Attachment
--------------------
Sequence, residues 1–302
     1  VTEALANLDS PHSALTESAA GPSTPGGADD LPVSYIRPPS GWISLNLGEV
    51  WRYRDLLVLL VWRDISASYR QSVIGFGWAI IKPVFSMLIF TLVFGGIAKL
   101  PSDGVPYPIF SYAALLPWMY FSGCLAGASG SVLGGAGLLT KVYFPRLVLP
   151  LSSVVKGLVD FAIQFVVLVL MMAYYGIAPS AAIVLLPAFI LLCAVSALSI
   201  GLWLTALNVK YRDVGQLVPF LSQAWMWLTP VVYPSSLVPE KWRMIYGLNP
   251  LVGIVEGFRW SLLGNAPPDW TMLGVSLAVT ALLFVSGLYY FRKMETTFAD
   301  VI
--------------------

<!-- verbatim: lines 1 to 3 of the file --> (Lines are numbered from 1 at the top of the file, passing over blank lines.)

Sequence, residues 1–302
     1  VTEALANLDS PHSALTESAA GPSTPGGADD LPVSYIRPPS GWISLNLGEV
    51  WRYRDLLVLL VWRDISASYR QSVIGFGWAI IKPVFSMLIF TLVFGGIAKL